bout the Penny Whistle
The Penny Whistle is a end-blown fipple flute like the recorder. However, it only has six fingerholes and lacks the thumb hole that is characteristic of the recorder. In this respect it is like the fife or Medieval flute. The instrument is commonly made from metal, rather than from wood or from plastic. Most instruments are made in one piece and cannot be tuned. Penny whistles are made in a wide variety of keys.
The penny whistle is a relatively modern instrument, being invented in the ninteenth century. The most famous maker of the instrument was Robert Clarke of Suffolk, England. He began making penny whistles from tinplate in 1843. His instruments were marketed as "Clarke Flageolets" and featured a tapered bore and a wooden fipple. They were also called tin whistles on account of their material. Clarke Flageolets were such a success that Robert had the instruments mass produced in a factory in Manchester. They were sold for a penny, and thus began to be called the penny whistle His company still produces penny whistles to this day.
Barnett Samuel was an important instrument dealer and manufacturer of the penny whistle during the second half of the ninteenth century. In 1861 he purchased the business from Henry Solomon, whose London company had been making instruments as a sideline to its primary products which were costume jewelery, and pen nibs. Initially Samuel ran the business from Sheffield, but soon relocated to London. His penny whistles from this period were made from sheets of metal that were rolled into a cylindrical tube and soldered, and thus do not have the tapering conical bore that is characteristic of Clarke's instruments. The fipple of these instruments were made from lead, and are thus toxic. In 1869 Samuel's third son, Nelson, was taken aboard the business, and it became known as Barnett Samuel and Sons. In 1901 it was renamed Barnett Samuel and Sons Ltd. and was one of the most prominent music distributors in London. Under Nelson's leadership the company adopted new manufacturing techniques including extrusion to produce seamless tubing. To this day most penny whistles are made with seamless metal tubing.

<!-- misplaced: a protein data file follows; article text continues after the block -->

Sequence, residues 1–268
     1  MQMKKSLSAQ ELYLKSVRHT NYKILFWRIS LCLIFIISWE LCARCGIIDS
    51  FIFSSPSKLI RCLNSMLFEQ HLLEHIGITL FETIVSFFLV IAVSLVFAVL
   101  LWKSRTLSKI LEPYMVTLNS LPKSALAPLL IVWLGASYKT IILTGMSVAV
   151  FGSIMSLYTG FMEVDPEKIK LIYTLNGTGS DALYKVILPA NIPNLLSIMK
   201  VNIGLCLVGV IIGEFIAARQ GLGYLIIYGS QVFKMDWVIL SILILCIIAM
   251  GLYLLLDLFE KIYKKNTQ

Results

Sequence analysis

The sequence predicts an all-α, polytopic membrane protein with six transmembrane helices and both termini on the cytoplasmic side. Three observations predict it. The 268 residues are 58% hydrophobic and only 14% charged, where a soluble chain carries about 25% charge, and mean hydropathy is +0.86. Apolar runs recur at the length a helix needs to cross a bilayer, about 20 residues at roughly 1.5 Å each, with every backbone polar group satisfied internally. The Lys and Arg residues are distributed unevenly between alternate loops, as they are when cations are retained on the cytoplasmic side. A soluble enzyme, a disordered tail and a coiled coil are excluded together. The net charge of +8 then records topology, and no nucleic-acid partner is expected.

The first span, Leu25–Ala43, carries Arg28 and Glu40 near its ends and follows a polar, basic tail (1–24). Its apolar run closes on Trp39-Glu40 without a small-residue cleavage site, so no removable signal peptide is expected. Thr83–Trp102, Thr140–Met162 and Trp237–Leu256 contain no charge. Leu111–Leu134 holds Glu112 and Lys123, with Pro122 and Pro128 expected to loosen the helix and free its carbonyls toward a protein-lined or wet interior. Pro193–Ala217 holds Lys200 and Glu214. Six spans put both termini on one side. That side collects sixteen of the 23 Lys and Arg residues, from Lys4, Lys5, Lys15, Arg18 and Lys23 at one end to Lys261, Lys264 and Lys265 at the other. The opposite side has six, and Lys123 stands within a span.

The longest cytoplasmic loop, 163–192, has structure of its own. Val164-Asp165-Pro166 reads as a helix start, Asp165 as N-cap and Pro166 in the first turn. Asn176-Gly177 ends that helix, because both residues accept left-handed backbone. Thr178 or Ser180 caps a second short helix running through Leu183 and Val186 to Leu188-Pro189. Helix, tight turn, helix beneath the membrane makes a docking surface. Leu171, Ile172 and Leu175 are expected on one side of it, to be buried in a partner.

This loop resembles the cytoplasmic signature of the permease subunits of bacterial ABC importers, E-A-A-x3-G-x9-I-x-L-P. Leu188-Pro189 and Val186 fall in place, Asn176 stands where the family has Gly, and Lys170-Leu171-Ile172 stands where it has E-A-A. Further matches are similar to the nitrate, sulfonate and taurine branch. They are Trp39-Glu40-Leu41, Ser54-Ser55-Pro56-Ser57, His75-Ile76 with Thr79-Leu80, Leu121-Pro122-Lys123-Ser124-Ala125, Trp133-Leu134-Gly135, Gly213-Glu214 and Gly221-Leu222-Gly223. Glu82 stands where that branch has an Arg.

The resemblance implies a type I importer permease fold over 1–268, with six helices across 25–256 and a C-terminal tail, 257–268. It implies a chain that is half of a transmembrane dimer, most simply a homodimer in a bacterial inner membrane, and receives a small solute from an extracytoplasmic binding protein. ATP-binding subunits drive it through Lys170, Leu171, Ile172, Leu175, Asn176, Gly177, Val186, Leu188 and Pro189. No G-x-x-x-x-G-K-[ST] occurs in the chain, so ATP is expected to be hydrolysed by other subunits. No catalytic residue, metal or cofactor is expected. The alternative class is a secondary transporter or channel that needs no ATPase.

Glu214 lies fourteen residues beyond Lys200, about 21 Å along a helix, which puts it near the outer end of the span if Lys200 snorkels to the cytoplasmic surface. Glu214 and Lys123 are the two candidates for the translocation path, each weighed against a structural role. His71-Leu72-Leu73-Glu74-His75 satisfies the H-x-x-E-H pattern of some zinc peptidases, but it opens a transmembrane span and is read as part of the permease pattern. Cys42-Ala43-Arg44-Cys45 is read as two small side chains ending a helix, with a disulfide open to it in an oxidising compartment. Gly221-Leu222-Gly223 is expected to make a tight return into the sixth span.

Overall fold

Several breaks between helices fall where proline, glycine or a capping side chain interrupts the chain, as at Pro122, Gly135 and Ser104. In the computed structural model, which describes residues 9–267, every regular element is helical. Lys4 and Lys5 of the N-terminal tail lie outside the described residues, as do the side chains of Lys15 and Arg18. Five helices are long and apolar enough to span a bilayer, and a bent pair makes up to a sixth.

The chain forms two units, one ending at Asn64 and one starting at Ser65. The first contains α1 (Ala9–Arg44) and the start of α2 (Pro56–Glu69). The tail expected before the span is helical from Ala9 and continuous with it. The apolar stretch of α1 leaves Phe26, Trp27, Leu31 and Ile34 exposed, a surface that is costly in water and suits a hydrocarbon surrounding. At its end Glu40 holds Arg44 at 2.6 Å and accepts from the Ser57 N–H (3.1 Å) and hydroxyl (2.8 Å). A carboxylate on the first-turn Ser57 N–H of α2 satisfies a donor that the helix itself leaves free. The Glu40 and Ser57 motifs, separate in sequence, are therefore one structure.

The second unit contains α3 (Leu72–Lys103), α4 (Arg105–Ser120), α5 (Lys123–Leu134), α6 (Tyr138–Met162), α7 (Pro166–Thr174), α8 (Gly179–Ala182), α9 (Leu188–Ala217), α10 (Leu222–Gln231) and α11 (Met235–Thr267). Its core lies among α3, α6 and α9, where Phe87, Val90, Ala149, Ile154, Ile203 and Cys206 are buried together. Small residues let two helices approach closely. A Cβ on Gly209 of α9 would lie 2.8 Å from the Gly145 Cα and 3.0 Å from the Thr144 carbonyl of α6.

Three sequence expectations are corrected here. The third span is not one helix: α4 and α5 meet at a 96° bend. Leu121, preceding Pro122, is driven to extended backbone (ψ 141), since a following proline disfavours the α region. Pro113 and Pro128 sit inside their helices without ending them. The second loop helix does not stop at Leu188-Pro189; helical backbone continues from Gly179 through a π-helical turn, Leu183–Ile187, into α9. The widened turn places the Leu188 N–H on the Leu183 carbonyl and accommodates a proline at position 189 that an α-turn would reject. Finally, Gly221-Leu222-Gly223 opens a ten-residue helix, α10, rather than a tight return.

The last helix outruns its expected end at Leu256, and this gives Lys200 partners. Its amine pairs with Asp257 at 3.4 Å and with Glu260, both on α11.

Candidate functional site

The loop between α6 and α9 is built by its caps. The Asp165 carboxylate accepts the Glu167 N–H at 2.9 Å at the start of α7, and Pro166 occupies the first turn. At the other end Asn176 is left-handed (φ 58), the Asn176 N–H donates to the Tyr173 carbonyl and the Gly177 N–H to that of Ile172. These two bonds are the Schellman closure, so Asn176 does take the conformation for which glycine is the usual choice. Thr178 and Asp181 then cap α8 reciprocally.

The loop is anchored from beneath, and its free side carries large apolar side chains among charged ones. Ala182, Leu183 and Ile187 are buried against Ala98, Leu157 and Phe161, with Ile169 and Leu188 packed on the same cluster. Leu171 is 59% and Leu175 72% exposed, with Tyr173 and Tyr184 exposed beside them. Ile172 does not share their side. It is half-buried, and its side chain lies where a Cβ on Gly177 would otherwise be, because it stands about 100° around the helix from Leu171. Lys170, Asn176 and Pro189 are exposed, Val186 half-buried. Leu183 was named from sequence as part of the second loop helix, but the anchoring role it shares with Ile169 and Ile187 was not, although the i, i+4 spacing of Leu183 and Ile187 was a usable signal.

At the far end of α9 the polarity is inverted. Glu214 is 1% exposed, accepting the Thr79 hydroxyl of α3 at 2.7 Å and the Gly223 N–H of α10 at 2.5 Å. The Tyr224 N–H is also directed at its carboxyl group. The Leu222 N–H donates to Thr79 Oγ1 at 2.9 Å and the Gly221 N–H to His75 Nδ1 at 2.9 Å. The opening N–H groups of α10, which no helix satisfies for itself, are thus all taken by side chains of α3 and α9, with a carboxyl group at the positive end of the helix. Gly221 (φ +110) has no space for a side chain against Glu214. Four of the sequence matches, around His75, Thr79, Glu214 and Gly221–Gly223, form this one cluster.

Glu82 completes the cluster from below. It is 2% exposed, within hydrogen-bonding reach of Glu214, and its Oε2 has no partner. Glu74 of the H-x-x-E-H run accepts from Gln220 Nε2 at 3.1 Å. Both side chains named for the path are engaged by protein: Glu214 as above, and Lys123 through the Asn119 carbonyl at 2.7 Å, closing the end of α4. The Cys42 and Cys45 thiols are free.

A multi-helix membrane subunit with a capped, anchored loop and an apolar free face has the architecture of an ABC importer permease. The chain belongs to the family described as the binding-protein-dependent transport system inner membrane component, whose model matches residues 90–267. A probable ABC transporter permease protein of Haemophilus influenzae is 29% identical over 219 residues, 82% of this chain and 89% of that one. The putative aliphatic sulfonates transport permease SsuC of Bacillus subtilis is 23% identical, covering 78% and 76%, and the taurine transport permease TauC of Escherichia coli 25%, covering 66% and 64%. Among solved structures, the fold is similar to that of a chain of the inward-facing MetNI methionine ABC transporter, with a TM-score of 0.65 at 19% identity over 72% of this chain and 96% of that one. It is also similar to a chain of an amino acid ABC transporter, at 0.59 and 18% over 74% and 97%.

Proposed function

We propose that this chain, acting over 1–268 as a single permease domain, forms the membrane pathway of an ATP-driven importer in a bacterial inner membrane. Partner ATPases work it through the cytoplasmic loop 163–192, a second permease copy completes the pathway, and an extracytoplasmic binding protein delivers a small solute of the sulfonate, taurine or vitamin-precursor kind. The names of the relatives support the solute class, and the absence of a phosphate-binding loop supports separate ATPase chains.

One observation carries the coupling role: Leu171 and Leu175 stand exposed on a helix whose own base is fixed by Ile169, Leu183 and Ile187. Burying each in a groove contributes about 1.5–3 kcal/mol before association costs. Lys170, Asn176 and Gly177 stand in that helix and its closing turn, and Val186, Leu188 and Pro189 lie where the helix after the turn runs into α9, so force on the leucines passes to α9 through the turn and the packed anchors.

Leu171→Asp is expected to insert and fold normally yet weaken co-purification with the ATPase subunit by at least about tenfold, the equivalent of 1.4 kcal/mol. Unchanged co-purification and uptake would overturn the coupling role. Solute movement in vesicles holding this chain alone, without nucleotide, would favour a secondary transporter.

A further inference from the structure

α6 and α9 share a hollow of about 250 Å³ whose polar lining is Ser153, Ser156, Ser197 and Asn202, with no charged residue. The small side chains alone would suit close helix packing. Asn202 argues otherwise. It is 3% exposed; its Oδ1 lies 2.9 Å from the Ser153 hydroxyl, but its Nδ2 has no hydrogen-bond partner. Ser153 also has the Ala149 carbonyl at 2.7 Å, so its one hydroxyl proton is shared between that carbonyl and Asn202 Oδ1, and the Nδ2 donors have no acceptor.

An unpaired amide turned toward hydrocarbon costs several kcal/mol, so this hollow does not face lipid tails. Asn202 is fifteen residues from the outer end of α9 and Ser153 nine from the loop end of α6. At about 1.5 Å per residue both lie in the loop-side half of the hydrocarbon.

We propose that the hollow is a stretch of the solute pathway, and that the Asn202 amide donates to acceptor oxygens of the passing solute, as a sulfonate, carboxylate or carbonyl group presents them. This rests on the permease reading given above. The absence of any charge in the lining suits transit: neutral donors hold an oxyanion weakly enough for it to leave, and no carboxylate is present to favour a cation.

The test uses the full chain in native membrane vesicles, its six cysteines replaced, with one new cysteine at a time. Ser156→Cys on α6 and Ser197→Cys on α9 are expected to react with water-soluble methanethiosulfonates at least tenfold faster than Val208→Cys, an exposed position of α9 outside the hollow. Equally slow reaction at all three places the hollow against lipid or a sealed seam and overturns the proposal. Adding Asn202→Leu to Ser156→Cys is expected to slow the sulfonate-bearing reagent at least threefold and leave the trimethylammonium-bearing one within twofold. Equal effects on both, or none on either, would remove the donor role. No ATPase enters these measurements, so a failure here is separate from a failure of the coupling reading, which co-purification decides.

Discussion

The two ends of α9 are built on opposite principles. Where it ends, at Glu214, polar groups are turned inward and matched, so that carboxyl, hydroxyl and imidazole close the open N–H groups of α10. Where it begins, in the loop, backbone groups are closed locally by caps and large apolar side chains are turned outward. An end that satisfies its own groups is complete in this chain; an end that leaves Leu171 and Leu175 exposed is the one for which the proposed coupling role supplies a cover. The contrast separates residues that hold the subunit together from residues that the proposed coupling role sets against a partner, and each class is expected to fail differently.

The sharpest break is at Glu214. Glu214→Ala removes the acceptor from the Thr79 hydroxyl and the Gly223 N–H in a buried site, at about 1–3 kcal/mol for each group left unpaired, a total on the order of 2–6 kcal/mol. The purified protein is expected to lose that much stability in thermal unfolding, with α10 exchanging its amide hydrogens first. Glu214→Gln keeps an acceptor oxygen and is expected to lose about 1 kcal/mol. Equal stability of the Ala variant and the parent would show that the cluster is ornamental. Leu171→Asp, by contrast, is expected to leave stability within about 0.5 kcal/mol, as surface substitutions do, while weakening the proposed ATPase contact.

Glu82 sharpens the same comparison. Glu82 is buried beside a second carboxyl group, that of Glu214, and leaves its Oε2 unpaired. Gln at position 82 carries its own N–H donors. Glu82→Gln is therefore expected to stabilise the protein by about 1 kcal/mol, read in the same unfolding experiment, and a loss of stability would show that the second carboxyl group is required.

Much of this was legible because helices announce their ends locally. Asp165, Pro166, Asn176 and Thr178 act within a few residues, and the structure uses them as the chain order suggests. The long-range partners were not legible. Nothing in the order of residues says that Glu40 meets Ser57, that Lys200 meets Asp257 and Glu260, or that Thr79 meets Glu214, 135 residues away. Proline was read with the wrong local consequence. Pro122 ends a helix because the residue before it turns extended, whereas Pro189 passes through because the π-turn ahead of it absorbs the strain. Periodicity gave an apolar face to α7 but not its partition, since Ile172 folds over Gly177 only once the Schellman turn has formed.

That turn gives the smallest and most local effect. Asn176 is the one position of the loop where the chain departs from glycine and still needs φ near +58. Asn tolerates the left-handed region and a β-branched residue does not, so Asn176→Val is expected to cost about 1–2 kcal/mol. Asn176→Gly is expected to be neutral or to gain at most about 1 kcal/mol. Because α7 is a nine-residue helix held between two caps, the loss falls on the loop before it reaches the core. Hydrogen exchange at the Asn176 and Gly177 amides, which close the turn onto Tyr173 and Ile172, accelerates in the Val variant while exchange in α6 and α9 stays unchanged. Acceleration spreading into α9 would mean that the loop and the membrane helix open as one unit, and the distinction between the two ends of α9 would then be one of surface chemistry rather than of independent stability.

The twentieth century saw the introduction of plastic components on penny whistles. The first was the plastic mouthpiece, which was popularized by the Generation Company. It replaced the lead fipples, with a non-toxic inexpensive alternative. Much more recently, certain manufacturers, most notably Susato, have begun to make the body of the instruments from plasic as well.
Today the penny whistle is most commonly used to perform Celtic music. Flutes and whistles have been used in Celtic music since the Middle Ages. A whistle dating from the twelfth century was found during an excavation of High Street in Dublin. Written references to such instruments date back even further. These early instruments were called feadan, feadog, cuisle, or cuiseach meaning hollow stick or vein. During the ninteenth century the penny whistle became popular in Ireland. Since then it has been one of the primary instruments used by folk musicians from Ireland and Scotland.
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